Search Images Maps Play YouTube News Gmail Drive More »
Sign in
Screen reader users: click this link for accessible mode. Accessible mode has the same essential features but works better with your reader.

Patents

  1. Advanced Patent Search
Publication numberUS6814844 B2
Publication typeGrant
Application numberUS 09/942,515
Publication date9 Nov 2004
Filing date29 Aug 2001
Priority date29 Aug 2001
Fee statusPaid
Also published asCA2399887A1, CA2399887C, EP1288653A1, EP1288653B1, US7476827, US7780827, US20040200721, US20080314882, US20100219071
Publication number09942515, 942515, US 6814844 B2, US 6814844B2, US-B2-6814844, US6814844 B2, US6814844B2
InventorsRaghbir S. Bhullar, Henning Groll, John T. Austera, Douglas P. Walling, Timothy I. Ranney, James L. Pauley, Jr.
Original AssigneeRoche Diagnostics Corporation
Export CitationBiBTeX, EndNote, RefMan
External Links: USPTO, USPTO Assignment, Espacenet
Biosensor with code pattern
US 6814844 B2
Abstract
The present invention relates to a biosensor. The biosensor includes a support substate, an electrically conductive coating positioned on the support substrate, the coating being formed to define electrodes and a code pattern, wherein there is sufficient contrast between the conductive coating and the substrate such that the code pattern is discernible, and a cover cooperating with the support substrate to define a channel. At least a portion of the electrodes are positioned in the channel.
Images(5)
Previous page
Next page
Claims(22)
What is claimed is:
1. A biosensor comprising:
a support substrate,
an electrically conductive coating positioned on the support subtate, the coating being formed to define electrodes and a bar code pattern, wherein there is sufficient contrast between the conductive coating and the substrate such that the bar code pattern is optically discernible from the substrate in order to identify the bar code pattern, and
at least one reagent positioned on at least one electrode.
2. The biosensor of claim 1 wherein the conductive coating is gold.
3. The biosensor of claim 1 further comprising a second electrically conductive coating positioned on the code pattern.
4. The biosensor of claim 1 wherein the code pattern is electrically discernible from the substrate in order to identify the code pattern.
5. The biosensor of claim 1 wherein the code pattern includes recesses formed in the conductive coating.
6. The biosensor of claim 1 wherein the support substrate includes opposite first and second ends and the code pattern is positioned adjacent to the second end.
7. The biosansor of claim 1 further comprising a cover substrate extending across at least a portion of the electrodes.
8. The biosensor of claim 1 wherein code pattern includes pads that are spaced-apart from the surrounding electrically conductive coating.
9. The biosensor of claim 8 wherein the pads are isolated from one another.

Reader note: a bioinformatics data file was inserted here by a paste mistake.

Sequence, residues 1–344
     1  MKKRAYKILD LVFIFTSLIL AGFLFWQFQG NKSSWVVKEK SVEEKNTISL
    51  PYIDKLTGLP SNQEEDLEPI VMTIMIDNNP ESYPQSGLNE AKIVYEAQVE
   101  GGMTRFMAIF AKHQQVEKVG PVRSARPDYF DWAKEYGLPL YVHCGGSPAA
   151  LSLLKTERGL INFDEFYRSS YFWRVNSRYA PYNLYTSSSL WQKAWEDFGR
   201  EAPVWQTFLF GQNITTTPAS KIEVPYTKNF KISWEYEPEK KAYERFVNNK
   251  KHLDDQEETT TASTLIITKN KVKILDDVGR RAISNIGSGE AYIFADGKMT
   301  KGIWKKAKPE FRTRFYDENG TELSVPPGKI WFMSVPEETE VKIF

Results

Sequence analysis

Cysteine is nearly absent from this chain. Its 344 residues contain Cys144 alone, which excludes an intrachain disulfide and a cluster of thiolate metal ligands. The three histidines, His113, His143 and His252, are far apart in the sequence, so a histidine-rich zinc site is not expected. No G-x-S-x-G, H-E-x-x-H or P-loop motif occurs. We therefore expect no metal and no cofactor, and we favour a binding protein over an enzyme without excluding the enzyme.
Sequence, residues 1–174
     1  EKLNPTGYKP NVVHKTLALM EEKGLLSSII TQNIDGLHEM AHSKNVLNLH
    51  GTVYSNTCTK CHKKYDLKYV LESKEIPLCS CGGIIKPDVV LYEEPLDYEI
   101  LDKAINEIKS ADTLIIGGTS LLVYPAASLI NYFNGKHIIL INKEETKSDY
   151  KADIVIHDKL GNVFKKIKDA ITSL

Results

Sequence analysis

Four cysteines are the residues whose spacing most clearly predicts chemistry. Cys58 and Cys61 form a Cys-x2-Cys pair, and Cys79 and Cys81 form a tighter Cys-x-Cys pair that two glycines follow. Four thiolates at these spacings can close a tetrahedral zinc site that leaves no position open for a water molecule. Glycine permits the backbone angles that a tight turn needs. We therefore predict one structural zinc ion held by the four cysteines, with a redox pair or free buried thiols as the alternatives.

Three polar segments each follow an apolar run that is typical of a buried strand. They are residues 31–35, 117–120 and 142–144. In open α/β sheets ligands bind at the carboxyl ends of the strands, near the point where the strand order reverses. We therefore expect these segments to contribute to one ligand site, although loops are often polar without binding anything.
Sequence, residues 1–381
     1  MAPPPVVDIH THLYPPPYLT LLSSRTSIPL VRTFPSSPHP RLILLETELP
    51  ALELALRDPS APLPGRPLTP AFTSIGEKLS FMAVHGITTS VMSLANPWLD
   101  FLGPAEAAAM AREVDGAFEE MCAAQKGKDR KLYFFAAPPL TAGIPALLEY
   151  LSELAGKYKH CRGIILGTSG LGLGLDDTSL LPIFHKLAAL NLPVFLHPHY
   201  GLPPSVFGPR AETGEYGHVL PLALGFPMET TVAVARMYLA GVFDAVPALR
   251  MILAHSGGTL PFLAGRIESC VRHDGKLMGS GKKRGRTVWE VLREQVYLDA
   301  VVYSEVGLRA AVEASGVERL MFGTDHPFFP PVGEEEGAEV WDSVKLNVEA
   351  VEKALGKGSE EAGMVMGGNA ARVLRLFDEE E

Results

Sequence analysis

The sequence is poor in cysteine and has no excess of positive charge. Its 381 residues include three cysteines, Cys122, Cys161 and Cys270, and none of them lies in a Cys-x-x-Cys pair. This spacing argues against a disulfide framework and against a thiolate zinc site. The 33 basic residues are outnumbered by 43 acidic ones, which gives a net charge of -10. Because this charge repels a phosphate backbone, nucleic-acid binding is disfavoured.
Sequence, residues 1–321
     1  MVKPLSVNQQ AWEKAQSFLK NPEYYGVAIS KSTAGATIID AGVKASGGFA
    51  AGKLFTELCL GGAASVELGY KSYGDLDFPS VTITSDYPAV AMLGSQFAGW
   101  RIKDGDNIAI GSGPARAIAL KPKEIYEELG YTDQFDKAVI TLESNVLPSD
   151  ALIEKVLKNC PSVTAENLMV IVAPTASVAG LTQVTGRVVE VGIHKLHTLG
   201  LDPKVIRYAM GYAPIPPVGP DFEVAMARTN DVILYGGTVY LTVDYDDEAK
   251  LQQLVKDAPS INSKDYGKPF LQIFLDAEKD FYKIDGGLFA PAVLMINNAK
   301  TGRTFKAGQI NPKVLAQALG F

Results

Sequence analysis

10. The biosensor of claim 8 wherein the pads are interconnected.
11. A biosensor comprising:
a support substrate,
an electrically conductive coating positioned on the support substrate, the coating being formed to define electrodes and a bar code pattern, wherein there is sufficient contrast between the conductive coating and the substrate such that the code pattern is optically discernible from the substrate in order to identify the bar code pattern, and
a cover cooperating with the support substrate to define a channel and at least a portion of the electrodes are positioned in the channel.
12. The biosensor of claim 11 further comprising a second electrically conductive coating positioned on the code pattern.
13. The biosensor of claim 11 wherein the code pattern is electrically discernible from the substente in order to identify the bar code pattern.
14. The biosensor of claim 11 wherein the support substrate includes opposite first and second ends and the code pattern is positioned adjacent to the second end.
15. The biosensor of claim 14 wherein the electrodes cooperate to define an array positioned adjacent to the first end.
16. The biosensor of claim 15 wherein the channel extends from the first end to the array.
17. The biosensor of claim 11 wherein the conductive coating is gold.
18. The biosensor of claim 11 wherein code pattern includes pads that are space apart from the surrounding electrically conductive coating.
19. The biosensor of claim 18 wherein the pads are isolated from one another.
20. The biosensor of claim 18 wherein the pads are interconnected.
21. A biosensor comprising:
a support substrate,
an electrically conductive coating positioned on the support substrate, the coating being formed to define electrodes and means for identifying the biosensor, wherein there is sufficient contrast between the conductive coating and the substrate such that the means for identifying the biosensor is optically discernible from the substrate in order to identify the means for identifying the biosensor, wherein the means for identifying the biosensor is a bar code.